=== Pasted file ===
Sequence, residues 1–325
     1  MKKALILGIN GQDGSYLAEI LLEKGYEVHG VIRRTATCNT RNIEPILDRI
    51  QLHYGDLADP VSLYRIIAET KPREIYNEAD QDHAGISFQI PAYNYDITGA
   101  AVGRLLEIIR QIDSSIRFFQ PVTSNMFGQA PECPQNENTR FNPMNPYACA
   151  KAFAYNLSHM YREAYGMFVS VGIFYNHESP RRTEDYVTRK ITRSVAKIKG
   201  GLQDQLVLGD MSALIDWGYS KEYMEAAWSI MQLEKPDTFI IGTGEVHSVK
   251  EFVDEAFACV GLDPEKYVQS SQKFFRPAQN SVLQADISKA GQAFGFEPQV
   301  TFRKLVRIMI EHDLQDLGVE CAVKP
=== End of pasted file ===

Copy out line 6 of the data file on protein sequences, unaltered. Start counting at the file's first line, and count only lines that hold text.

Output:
   201  GLQDQLVLGD MSALIDWGYS KEYMEAAWSI MQLEKPDTFI IGTGEVHSVK